Constitutional Violation Blocks Forward Motion on S. 510 Food Safety Bill

Monday, December 6, 2010 @ 03:12 PM
posted by Beth Clay

December 6, 2010: While the Senate voted to pass the newer version of S. 510, the Bill may not actually make it to the President’s desk for signing into law this year after all. We are now learning that Senate staff were informed from the outset that the ‘reinspection fees’ provision of S. 510 violated the Constitutional provision that states that all tax provisions (any provision in legislation that levy’s fees) must begin in the House of Representatives.

Typically there would be a Conference process where members of the House and Senate of both parties would sit down and work through the differences in the two Bills. However, because the Congress is running out of time, (the 111th session of Congress ends at the end of 2010), the leadership determined they would side step this process and simply send S. 510 to the President. This is not a new or unusual sidestepping, but typically only happens when there is no controversy attached to legislation. The rules that govern the parliamentary procedures allow for such an action, but with the Constitutional violation, this is not possible.

Keep in mind, the conference process would have been arduous and filled with opportunities to make the Bill unpassable in either the House or the Senate because the House food safety bill passed earlier this year is completely different than the Senate version. As one staffer said, “they are similar in name only”.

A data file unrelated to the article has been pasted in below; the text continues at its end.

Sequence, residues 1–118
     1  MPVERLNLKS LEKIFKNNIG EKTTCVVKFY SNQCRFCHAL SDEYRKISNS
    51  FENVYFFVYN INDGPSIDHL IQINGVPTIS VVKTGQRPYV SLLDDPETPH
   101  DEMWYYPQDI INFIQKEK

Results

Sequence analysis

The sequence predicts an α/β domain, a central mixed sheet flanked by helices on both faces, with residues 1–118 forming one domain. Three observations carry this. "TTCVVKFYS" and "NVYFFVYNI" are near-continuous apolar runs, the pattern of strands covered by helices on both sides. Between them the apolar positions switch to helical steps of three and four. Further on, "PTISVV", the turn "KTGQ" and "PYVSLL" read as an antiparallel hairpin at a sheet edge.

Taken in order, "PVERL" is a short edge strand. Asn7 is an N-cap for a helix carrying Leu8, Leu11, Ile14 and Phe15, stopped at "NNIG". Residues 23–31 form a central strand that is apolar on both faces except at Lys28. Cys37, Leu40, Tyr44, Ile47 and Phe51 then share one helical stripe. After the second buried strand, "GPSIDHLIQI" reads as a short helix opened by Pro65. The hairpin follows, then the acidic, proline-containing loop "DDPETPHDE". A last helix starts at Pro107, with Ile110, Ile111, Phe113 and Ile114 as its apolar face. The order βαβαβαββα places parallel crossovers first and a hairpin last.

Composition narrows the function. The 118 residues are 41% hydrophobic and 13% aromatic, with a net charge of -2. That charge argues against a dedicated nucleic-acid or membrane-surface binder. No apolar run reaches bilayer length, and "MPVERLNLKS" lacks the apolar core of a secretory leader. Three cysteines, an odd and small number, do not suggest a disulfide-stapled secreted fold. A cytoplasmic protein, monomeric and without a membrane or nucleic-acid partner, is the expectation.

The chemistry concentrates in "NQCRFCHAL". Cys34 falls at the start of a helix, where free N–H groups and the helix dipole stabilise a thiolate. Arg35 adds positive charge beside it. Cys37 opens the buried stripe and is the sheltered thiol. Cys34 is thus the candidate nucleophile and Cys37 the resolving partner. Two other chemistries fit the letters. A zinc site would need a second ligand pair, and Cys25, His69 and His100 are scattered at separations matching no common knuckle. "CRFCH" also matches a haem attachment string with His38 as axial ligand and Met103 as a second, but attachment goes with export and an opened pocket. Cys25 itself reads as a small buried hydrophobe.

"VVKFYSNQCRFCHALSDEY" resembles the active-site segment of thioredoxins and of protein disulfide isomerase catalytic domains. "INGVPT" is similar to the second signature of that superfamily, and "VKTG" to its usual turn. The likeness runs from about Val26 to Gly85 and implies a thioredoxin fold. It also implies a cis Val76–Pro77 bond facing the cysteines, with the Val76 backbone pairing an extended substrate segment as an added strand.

The issue is not dead however; there is much negotiating going on between the House and Senate Leadership. One discussion is to introduce S-510 with a House number and to pass it quickly. There is not, as yet, an agreement to do this because with the fee provision, both the Energy and Commerce and the Ways and Means Committees have to vote it out of Committee. So far, the Ways and Means Committee is rejecting the Senate created language. Keep in mind that this Committee sees more than just this Bill being affected. Such a move would, in the minds of some, undermine their Constitutional authorities and lessen their power.

Congress will remain in session probably right up until Christmas and is entrenched in other matters related to the Bush era tax cuts that expire at the end of the year, the unemployment benefits extension issue, and the military’s Don’t Ask, Don’t Tell Policy.

While the Bill that passed was much better than what we started with in 2009, the core issues of expanding FDA’s authorities remains problematic at the core. We cannot assume that S. 510 is dead. We will keep you posted.

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